Unless you are a huge geography fan or happen to know someone from there, you’ve probably never heard of Kyrgyzstan. It’s a landlocked country full of mountains and lakes, with a long history influenced by bordering countries such as Uzbekistan and China. It was part of the Silk Road and has a tradition of nomadic and independent tribes and clans. It became a sovereign nation in 1991 after the fall of the Soviet Union. Traveling to Kyrgyzstan is heaven for hikers and travelers who want to experience what everyday life is like.
The landmarks of Karakol
The fourth-largest city in Kyrgyzstan, Karakol offers beautiful and unique architecture. It’s also a good place to start from if you’re interested in hiking and skiing. The town was founded in 1869, where merchants and explorers often lived. Cool sights include the Holy Trinity Cathedral, a wooden church. It used to be stone, but an earthquake in 1890 destroyed the original. The foundation remained, and Karakol built a new wooden structure in 1895. If you’re a woman and want to go in, remember to wear a headscarf. The Karakol History Museum is another cool place to visit. It contains artifacts, exhibits of the Kumtor Gold Mine, and photography.
The walnut forests of Arslanbob
You’ll find Arslanbob in southern Kyrgyzstan. This village thrives on tourism, but it’s the kind of tourism that integrates visitors into its everyday life. If you go between late September to early October, you’ll be traveling to Kyrgyzstan right as the walnut harvest is going on. This tradition is hundreds of years old – villagers spend all day in the forest collecting walnuts and getting them really to sell. In the evening, it’s time for relaxing over a good meal and tea. As a tourist, you’ll make housing and activity arrangements with the CBT office. CBT stands for ‘community-based tourism,’ so instead of hotels, you’ll be staying with families wanting to make extra money. If you want to explore, local guides can be hired to lead you to forests, lakes, and mountains.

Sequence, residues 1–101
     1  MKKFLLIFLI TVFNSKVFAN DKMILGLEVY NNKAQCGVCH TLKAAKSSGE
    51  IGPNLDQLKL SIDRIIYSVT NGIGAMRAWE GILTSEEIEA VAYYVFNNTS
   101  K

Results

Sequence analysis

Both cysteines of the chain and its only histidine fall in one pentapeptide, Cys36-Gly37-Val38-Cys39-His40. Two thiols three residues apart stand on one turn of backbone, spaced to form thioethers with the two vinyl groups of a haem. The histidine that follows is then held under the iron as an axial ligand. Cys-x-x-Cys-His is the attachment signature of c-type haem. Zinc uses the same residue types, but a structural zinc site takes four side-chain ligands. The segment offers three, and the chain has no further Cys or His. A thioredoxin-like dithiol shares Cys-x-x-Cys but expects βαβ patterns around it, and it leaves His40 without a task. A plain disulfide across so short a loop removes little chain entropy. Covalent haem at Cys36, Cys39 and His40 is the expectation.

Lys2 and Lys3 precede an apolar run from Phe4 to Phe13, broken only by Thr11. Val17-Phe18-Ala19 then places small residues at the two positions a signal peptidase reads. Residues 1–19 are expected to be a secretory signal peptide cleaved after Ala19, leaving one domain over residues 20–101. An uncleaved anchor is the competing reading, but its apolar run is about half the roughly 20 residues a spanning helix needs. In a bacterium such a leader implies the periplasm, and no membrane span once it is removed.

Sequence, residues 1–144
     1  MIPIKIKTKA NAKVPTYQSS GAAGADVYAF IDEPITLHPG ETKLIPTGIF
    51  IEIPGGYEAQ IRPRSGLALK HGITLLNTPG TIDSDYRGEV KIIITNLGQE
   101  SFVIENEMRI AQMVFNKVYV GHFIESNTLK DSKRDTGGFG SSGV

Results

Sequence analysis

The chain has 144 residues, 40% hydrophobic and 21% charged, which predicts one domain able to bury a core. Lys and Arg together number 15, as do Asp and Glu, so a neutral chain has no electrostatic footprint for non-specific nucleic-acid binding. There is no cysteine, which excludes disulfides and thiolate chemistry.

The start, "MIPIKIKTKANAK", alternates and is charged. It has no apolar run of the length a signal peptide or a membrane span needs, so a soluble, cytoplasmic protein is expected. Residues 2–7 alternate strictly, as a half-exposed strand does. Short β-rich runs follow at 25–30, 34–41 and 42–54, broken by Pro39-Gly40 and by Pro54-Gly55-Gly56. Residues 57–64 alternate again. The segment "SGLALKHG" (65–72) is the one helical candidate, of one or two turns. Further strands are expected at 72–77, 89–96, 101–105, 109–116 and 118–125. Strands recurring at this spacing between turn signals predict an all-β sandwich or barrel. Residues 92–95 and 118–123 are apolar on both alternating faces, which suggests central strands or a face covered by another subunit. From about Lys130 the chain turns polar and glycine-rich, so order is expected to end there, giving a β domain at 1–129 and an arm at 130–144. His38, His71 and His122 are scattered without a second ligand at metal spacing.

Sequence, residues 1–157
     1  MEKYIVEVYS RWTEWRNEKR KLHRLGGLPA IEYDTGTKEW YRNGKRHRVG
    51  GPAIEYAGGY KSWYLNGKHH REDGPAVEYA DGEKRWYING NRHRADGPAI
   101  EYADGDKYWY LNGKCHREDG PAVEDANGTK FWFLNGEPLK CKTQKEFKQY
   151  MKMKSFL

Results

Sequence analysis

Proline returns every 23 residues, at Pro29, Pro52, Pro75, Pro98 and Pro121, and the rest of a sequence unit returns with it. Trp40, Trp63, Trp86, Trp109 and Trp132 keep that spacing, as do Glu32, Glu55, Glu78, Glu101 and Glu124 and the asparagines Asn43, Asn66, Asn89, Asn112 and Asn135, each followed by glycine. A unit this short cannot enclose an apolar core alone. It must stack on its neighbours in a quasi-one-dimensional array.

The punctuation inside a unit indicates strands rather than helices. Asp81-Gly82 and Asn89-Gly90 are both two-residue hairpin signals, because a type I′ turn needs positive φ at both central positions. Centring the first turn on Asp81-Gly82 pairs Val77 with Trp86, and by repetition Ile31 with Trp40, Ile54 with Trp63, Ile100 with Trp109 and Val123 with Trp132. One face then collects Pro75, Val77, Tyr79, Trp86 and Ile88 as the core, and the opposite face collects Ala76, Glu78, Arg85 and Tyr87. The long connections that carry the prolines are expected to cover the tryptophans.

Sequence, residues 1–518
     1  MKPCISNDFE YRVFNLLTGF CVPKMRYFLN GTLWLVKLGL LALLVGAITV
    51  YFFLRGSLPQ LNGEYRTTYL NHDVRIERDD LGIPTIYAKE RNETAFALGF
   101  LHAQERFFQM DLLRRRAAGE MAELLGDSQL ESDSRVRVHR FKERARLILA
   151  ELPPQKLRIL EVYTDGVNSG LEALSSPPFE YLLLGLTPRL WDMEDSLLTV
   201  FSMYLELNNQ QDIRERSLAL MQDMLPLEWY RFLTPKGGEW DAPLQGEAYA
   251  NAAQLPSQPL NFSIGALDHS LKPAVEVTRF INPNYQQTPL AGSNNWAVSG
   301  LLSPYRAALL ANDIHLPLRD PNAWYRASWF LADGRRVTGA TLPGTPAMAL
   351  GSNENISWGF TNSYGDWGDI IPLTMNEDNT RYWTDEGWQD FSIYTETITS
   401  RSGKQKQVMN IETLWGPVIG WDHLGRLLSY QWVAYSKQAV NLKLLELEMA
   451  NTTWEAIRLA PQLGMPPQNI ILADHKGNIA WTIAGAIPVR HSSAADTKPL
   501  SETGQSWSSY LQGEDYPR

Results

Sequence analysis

The Son-Köl lake
If you are traveling to Kyrgyzstan for nature and hiking, you have to head to Son-Köl. This lake surrounded by mountains and meadows is the perfect setting for hiking, horseback riding, and star-gazing. Between June and September is the best time to go, since herders will set up their yurts (it’s too cold other times of the year), and many are part of the local tourism community. With the local tourism office, you can arrange for yurtstays, horseback-riding, hiking, and so on. Be sure to bring money to buy food and water from herders, since there are zero shops. There are streams you can get water from, but bring water-purifying gear. Head to Batai-Aral or Jamanechki to find tourist information and guides.
The food of Kyrgyzstan
When traveling to Kyrgyzstan, be sure to take every opportunity to try local dishes. Beshbarkmak is the most well-known meal, and meant to be eaten with your hands. The name actually translates into “five finger.” You’ll find the dish at any party or fun gathering. So, what is it? The simplified version is noodles mixed with boiled meat (usually sheep or sometimes horse) and a spicy sauce. Broth gets poured over the whole thing. The ritual is important, too: the meatiest bones are given to the oldest guests first, while the guest of honor gets the head and eyes. Old men get the thigh bones, the older women get the fat tail, and the legs and shoulders are divided among the young adults. Other dishes you might see include blinis ( thin sweet or savory Russian pancakes); plov, which is rice mixed with meat, garlic, onions and carrots; and different varieties of meat dumplings and stews.
Macao is another unique travel destination you may not have heard of it, but it’s bursting with life and a unique cultural blend.